January 16, 2009 | WebMemo on Department of Homeland Security
In his farewell address to the nation, President George W. Bush reflected on one of the central challenges of his Administration--responding to the threat of transnational terrorism. That effort including establishing the foundation of national homeland security framework--a collaborative effort of federal agencies, state and local governments, the private sector and, friendly and allied nations in combating efforts making the murder of innocents an international enterprise. It will be up to the new Administration and the Congress to build on that legacy.
Bush began his remarks by recalling the event that most shaped the course of his presidency. "This evening," he recalled, "my thoughts return to the first night I addressed you from this house, September 11, 2001. That morning, terrorists took nearly 3,000 lives in the worst attack on America since Pearl Harbor." He also highlighted some of the key post-9/11 initiatives taken in response to the threat of transnational terrorism. "Over the past seven years, a new Department of Homeland Security has been created, he noted:
[t]he military, the intelligence community, and the FBI have been transformed. Our nation is equipped with new tools to monitor the terrorists' movements, freeze their finances, and break up their plots. And with strong allies at our side, we have taken the fight to the terrorists and those who support them. Afghanistan has gone from a nation where the Taliban harbored al-Qaeda and stoned women in the streets to a young democracy that is fighting terror and encouraging girls to go to school.
It is fitting that Bush chose to make these events the cornerstone of his address.
Where We Are
The President rightly emphasized that these efforts were necessary. Since 9/11, a number of plots aimed at killing Americans on American soil--some linked to al-Qaeda; others inspired by their actions; some only sharing a horrific ideology that any cause should be advanced by the deliberate intentional murder of innocents--have been foiled. Likewise, America's friends and allies around the world, from the people of Iraq to Europe and Southwest Asia, have been targeted for attack.
Thanks to serious and effective counterterrorism programs, the U.S and its allies have become "harder" targets for transnational terrorists. Plots have been thwarted, leaders killed or captured, networks attacked, and the flow of money and recruits disrupted. The President rightly concluded:
There is legitimate debate about many of these decisions. But there can be little debate about the results. America has gone more than seven years without another terrorist attack on our soil. This is a tribute to those who toil night and day to keep us safe--law enforcement officers, intelligence analysts, homeland security and diplomatic personnel, and the men and women of the United States Armed Forces.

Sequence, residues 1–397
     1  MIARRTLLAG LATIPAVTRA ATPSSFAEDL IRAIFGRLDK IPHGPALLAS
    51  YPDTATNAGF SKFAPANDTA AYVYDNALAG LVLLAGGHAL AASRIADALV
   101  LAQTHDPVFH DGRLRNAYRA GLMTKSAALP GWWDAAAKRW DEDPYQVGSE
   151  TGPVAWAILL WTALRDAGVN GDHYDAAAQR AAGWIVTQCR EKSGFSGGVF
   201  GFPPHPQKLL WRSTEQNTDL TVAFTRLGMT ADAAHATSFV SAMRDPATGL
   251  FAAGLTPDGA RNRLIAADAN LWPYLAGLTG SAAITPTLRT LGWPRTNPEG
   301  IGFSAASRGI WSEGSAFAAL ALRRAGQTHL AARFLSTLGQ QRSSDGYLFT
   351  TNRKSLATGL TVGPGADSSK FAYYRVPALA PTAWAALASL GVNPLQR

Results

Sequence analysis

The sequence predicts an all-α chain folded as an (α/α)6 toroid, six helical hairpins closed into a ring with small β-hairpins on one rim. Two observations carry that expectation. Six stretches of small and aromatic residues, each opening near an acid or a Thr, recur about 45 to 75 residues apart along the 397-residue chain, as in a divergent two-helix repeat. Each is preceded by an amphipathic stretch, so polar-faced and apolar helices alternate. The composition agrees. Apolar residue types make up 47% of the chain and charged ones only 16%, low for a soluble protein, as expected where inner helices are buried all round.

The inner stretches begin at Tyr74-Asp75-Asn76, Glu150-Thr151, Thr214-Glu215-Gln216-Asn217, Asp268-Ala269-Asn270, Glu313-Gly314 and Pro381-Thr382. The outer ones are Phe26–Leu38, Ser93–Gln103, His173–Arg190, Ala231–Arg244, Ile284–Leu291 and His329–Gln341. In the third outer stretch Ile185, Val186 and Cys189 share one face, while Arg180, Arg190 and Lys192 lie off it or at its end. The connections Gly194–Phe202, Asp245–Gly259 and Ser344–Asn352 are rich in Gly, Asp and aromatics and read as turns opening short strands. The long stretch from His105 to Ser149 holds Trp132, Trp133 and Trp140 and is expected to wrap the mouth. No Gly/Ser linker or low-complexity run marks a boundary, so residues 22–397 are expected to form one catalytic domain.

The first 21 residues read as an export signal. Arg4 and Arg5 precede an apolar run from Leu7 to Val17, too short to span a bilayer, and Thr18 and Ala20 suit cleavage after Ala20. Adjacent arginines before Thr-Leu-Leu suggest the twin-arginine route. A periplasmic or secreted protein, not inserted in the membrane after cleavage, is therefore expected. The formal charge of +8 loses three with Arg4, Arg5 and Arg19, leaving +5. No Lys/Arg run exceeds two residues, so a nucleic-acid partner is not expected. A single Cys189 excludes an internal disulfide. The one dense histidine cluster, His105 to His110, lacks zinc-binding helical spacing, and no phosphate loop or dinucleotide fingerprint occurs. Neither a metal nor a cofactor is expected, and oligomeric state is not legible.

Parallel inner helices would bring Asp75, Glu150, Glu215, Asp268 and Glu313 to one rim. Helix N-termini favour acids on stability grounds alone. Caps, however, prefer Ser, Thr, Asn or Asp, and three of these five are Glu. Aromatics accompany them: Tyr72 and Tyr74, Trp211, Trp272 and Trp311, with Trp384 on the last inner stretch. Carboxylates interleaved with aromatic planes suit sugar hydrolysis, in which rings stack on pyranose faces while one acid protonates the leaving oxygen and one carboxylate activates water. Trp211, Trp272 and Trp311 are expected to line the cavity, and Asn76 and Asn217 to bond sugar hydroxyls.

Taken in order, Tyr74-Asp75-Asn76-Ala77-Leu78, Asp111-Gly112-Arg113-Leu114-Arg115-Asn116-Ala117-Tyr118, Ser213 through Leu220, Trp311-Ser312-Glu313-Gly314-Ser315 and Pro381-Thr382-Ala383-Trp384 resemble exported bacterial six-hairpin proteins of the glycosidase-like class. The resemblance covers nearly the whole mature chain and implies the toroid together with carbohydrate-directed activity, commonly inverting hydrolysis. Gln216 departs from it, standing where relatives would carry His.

Building on the homeland security successes and improving on efforts already implemented falls to a new Congress and new Administration. The centerpiece of the Bush Administration's success has been the establishment of the Department of Homeland Security (DHS), which integrated many of the functions of combating terrorism and preparing for and responding to disasters under one agency. While many still consider the department a work in progress, the most pressing needs for enhancing the country's protection from transnational terrorist threats do not lie in a major reorganizing of the DHS or revisiting its roles and missions. Rather Congress and the new Administration should shift their focus to strengthening the effectiveness of the national homeland security enterprise as a whole.
To be able to respond to threats with greater agility, our new national leadership must foster better decision making in Congress and in the interagency process and further facilitate information sharing throughout all elements of the national security enterprise. Furthermore, to close the national security gaps vulnerable to terrorist exploitation, our nation must empower individuals and communities and seek the cooperation of friends and allies around the world for our homeland security activities.
The next Congress and Administration have an opportunity to take a fresh look at our national homeland security enterprise. The Administration should adopt an interagency approach led by a revitalized, reorganized, and integrated National Security Council that treats domestic and international security concerns in a more holistic manner.
In addition to consolidating committee jurisdiction over the DHS, Congress should establish a bipartisan caucus that meets regularly to consider issues affecting the national homeland security enterprise. Finally, both the next Congress and Administration need to engage private businesses and the American people more effectively.
President Bush began the effort of building the homeland security enterprise that America needs to address the dangers of the 21st century. It is the job of our new leadership in Washington, the American people, and our global friends and allies to finish the job--frustrating forever the ambitions of those who would use the instrument of transnational terrorism to dictate terms to the rest of the world.
Jena Baker McNeill is Policy Analyst for Homeland Security in the Douglas and Sarah Allison Center for Foreign Policy Studies, a division of the Kathryn and Shelby Cullom Davis Institute for International Studies, and James Jay Carafano, Ph.D., is Assistant Director of the Davis Institute and Senior Research Fellow for National Security and Homeland Security in the Allison Center at The Heritage Foundation.